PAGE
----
Role of the polycomb group proteins in hematopoietic stem cells
Article first published online: 21 JUL 2010
© 2010 The Authors. Journal compilation © 2010 Japanese Society of Developmental Biologists
Development, Growth & Differentiation
Special Issue: Epigenetics
Volume 52, Issue 6, pages 505–516, August 2010
How to Cite
Konuma, T., Oguro, H. and Iwama, A. (2010), Role of the polycomb group proteins in hematopoietic stem cells. Development, Growth & Differentiation, 52: 505–516. doi: 10.1111/j.1440-169X.2010.01191.x
- Issue published online: 21 JUL 2010
- Article first published online: 21 JUL 2010
- Received 3 March 2010; revised 21 April 2010; accepted 22 April 2010.
- bivalent domain;
- hematopoietic stem cell;
- oxidative stress;
- polycomb group protein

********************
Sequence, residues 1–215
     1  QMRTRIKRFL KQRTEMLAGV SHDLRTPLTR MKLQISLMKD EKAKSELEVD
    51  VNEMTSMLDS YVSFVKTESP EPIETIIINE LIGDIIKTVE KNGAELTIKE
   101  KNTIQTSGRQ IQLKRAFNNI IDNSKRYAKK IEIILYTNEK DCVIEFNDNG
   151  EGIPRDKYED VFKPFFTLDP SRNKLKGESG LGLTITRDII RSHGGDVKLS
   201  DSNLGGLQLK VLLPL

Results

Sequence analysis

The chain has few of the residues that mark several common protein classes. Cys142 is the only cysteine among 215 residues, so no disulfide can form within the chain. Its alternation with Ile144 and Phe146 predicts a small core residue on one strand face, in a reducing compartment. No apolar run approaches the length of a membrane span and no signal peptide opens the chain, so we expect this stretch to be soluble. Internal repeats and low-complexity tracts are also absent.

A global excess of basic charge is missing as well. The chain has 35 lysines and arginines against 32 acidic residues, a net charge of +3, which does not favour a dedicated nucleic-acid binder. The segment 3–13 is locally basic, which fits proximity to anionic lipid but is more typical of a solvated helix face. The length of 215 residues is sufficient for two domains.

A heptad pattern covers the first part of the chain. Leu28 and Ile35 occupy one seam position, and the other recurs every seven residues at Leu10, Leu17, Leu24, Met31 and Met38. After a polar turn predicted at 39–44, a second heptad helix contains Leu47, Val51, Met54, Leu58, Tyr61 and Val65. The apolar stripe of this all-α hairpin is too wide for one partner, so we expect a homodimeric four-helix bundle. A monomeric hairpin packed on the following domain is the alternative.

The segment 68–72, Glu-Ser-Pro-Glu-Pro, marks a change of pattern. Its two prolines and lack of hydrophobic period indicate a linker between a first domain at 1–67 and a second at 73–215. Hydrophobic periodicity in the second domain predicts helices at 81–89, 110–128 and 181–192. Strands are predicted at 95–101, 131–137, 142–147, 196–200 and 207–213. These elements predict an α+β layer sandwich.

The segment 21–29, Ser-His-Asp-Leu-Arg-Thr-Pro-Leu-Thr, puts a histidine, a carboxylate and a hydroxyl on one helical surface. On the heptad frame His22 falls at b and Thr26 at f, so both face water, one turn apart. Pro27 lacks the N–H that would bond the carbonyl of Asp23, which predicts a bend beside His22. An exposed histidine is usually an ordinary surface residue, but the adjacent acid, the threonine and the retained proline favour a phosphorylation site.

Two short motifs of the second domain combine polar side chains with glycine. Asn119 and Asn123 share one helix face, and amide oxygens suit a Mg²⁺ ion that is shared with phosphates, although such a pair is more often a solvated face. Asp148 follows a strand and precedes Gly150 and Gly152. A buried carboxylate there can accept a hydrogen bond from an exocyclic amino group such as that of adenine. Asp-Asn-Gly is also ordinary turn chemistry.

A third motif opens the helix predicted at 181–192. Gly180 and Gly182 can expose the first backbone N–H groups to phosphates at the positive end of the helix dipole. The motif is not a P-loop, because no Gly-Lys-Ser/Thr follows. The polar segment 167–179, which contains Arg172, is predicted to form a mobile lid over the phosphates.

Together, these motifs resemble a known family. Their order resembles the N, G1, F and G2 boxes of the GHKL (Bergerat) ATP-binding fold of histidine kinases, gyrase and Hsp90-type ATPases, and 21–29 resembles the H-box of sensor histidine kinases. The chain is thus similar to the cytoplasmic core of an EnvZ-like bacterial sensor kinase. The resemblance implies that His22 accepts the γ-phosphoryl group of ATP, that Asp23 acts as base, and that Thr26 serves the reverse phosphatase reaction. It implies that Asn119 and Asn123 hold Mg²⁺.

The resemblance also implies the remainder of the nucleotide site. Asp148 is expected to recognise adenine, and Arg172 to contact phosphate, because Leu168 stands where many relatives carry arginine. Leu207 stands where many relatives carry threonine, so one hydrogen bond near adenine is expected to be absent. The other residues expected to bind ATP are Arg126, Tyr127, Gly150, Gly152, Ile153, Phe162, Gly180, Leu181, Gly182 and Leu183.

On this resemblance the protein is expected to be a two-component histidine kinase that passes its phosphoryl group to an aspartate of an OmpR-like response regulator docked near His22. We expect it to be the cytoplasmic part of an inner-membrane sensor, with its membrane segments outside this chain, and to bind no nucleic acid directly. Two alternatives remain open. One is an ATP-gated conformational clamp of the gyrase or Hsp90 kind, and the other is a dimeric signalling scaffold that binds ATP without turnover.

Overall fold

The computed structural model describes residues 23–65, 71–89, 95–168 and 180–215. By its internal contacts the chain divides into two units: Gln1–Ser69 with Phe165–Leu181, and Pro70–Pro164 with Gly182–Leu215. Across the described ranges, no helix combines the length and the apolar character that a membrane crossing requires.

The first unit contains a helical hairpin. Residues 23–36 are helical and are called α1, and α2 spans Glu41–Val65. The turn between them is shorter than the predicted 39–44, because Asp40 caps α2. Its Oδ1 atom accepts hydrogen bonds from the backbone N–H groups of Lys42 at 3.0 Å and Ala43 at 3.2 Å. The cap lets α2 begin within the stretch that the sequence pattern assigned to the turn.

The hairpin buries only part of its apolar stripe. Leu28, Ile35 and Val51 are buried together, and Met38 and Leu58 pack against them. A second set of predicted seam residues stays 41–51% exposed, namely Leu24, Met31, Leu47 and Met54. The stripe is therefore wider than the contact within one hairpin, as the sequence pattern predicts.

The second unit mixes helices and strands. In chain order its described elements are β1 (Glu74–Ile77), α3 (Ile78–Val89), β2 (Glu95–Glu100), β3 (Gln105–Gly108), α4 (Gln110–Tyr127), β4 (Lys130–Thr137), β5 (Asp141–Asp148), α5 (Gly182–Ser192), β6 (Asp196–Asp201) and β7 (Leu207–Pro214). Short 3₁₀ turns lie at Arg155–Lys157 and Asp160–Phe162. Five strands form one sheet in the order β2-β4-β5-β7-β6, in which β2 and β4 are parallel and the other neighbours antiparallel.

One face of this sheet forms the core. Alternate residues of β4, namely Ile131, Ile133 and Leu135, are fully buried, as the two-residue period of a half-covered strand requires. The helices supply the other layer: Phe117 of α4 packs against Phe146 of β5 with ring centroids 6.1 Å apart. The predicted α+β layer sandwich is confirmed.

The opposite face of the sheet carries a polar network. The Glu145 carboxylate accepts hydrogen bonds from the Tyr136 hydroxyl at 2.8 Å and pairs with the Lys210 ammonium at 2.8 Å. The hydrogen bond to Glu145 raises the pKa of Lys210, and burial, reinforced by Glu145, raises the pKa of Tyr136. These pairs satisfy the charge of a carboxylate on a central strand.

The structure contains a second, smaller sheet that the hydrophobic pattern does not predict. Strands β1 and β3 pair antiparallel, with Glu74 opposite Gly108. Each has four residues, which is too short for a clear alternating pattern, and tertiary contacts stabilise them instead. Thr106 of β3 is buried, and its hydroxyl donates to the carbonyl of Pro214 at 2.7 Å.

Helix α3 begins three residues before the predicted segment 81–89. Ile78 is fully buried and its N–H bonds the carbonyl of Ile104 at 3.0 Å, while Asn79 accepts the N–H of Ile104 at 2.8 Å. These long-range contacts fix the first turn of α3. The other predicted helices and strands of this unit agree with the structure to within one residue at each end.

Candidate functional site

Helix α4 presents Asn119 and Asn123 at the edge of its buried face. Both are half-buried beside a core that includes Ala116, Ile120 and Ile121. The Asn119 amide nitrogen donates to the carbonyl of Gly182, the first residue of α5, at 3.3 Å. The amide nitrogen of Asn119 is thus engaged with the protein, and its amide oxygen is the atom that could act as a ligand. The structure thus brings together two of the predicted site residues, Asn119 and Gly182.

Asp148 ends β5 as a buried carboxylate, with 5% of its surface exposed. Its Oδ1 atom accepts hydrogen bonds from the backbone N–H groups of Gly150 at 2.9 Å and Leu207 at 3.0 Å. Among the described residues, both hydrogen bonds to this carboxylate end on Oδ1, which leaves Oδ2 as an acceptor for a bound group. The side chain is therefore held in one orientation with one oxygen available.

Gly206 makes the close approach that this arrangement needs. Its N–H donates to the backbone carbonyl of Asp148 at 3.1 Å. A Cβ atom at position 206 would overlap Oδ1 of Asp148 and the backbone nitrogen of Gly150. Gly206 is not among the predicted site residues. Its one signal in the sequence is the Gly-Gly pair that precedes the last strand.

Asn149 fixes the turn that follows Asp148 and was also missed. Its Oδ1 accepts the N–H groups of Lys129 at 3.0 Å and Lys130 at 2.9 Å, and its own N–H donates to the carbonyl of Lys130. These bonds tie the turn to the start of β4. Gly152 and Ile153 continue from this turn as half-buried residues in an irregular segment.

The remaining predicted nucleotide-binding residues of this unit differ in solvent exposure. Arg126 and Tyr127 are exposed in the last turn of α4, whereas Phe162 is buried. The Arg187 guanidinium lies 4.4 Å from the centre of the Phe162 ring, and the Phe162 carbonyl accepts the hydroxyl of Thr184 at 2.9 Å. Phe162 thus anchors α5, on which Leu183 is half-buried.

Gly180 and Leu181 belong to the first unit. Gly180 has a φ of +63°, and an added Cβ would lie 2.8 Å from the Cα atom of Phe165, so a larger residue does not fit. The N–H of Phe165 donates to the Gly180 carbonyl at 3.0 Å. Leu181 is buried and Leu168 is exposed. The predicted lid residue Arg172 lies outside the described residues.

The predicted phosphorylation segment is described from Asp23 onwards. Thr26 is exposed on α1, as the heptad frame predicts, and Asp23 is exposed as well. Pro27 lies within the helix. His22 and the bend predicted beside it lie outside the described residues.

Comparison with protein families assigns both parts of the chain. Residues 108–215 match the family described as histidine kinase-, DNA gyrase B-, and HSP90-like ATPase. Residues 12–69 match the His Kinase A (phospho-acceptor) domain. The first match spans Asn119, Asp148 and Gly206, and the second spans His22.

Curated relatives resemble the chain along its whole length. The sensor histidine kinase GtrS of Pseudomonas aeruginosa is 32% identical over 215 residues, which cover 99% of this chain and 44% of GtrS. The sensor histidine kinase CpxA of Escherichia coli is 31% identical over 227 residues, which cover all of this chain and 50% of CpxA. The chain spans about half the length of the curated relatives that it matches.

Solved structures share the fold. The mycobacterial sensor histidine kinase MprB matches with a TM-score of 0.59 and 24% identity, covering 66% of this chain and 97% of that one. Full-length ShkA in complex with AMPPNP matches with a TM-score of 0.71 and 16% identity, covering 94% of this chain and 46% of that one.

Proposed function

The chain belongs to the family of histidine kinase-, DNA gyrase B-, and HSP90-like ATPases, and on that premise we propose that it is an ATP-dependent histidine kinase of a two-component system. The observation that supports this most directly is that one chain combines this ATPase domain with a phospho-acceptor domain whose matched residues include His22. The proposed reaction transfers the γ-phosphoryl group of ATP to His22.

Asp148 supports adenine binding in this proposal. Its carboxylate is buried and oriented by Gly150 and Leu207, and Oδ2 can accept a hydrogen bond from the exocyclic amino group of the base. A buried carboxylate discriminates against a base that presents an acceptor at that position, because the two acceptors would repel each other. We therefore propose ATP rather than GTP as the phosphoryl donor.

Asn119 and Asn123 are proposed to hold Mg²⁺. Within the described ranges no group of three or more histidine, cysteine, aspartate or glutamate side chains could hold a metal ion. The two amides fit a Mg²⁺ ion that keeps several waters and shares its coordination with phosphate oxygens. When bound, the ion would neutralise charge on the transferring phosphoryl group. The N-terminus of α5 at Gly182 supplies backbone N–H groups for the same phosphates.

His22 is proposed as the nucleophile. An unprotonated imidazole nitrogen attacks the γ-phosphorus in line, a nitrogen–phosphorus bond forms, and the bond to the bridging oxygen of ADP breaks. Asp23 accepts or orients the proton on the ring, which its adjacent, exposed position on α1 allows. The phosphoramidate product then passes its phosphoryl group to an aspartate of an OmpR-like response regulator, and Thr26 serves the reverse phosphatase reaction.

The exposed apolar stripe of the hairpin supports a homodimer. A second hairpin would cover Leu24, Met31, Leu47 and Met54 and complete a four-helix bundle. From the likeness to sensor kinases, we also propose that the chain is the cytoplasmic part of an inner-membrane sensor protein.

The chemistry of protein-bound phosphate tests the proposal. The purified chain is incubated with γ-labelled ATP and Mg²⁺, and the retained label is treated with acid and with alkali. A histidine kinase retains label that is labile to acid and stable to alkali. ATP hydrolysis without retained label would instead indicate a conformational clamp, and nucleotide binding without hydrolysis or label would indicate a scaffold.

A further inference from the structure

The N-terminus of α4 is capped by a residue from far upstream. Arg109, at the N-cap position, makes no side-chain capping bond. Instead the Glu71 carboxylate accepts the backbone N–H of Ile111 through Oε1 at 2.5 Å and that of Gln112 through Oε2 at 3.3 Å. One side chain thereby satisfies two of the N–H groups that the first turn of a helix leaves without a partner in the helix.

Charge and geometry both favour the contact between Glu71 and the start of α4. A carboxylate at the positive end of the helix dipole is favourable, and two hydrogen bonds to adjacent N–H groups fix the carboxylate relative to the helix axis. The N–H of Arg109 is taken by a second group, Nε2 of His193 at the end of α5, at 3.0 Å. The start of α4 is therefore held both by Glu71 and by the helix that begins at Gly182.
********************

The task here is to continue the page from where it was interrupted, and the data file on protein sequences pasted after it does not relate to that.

Polycomb group (PcG) proteins play a role in the transcriptional repression of genes through histone modifications. Recent studies have clearly demonstrated that PcG proteins are required for the maintenance of embryonic as well as a broad range of adult stem cells, including hematopoietic stem cells (HSCs). PcG proteins maintain the self-renewal capacity of HSCs by repressing tumor suppressor genes and keep differentiation programs poised for activation in HSCs by repressing a cohort of hematopoietic developmental regulator genes via bivalent chromatin domains. Enforced expression of one of the PcG genes, Bmi1, augments the self-renewal capacity of HSCs. PcG proteins also maintain redox homeostasis to prevent premature loss of HSCs. These findings established PcG proteins as essential regulators of HSCs and underscored epigenetics as a new field of HSC research. In this review, we focus on the role of PcG proteins in the epigenetic regulation of the self-renewal capacity and multipotency of HSCs.